Inclined to Vote for Messiness of Democracy
By JOHN GERBER
Tuesday, January 9, 2018, Daily Hampshire Gazette, Letter to the Editor
Thanks for the thoughtful review of the various perspectives on the charter vote presented in “Charter jockeying in full swing,” Jan. 6).
The three anti-charter groups — Not This Charter, Town Meeting Works, and Vote No on the Charter — seem to represent three different perspectives which all came to the same conclusion.
I applaud Joanna Neumann, chairwoman of Amherst For All for stating, “I’m not surprised there’s a lot of interest of various people from various perspectives.” This is how democracy should work.
On the other hand, I was disturbed by the quote attributed to Jerry Guidera which seemingly criticized the anti-charter voices for their inability to organize a more efficient anti-campaign. According to the report he said, “My take on it is they are so dysfunctional they can’t even coordinate an anti effort.” Of course, he may be right.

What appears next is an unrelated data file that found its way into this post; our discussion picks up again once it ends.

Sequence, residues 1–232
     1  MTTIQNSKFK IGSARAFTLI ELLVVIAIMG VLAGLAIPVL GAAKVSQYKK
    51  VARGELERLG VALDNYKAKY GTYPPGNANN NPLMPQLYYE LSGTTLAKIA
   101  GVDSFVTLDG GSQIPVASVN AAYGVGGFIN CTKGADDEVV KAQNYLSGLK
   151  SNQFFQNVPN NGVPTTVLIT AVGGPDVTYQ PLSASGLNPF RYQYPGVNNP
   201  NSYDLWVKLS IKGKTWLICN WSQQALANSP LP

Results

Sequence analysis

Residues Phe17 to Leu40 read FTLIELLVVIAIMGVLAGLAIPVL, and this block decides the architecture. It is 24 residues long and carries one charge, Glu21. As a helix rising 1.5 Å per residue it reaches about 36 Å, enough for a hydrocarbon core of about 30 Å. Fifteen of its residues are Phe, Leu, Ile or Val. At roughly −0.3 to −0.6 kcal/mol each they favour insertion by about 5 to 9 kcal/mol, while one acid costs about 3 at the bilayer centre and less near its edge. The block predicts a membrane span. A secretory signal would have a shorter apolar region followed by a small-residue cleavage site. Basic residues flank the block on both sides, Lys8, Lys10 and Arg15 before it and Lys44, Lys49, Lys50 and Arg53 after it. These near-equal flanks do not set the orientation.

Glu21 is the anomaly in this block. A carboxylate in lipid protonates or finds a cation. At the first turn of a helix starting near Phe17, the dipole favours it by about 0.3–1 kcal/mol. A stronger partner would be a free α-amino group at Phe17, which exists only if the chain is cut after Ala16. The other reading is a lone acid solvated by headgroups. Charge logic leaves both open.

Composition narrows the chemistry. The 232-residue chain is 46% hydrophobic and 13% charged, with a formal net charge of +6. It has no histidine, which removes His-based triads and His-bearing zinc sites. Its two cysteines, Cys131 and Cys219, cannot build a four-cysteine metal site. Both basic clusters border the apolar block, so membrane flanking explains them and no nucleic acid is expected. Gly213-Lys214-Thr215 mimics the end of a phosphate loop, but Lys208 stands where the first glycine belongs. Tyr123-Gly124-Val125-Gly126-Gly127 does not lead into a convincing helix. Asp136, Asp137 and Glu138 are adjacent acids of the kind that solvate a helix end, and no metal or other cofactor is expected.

However there might be another way to view their efforts. Democracy is messy, slow and sometimes inefficient (like Town Meeting). Maybe this is the price we need to pay for public participation in our local government.
The Amherst for All efforts certainly appear more organized, efficient and professional than the anti efforts. Likewise, the more centralized decision-making authority and professionalism that would be created by a Town Council may offer us a more efficient form of government, perhaps at the expense of public participation.
I think I’m inclined to vote for the messiness, diversity of opinion and even the much-criticized inefficiency of direct democratic rule that is so unique to Town Meeting in New England.